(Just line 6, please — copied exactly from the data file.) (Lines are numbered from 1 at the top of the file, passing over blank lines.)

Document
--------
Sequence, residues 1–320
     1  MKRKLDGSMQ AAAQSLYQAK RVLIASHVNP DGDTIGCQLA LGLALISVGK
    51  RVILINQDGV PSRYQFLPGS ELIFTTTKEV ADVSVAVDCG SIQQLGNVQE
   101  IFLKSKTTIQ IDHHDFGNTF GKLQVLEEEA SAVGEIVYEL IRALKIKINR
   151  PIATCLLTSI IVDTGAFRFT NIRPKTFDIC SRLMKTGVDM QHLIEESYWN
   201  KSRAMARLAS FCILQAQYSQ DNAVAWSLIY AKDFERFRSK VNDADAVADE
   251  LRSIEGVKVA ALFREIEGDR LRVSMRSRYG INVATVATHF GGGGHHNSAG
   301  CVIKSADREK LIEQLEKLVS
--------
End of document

   201  KSRAMARLAS FCILQAQYSQ DNAVAWSLIY AKDFERFRSK VNDADAVADE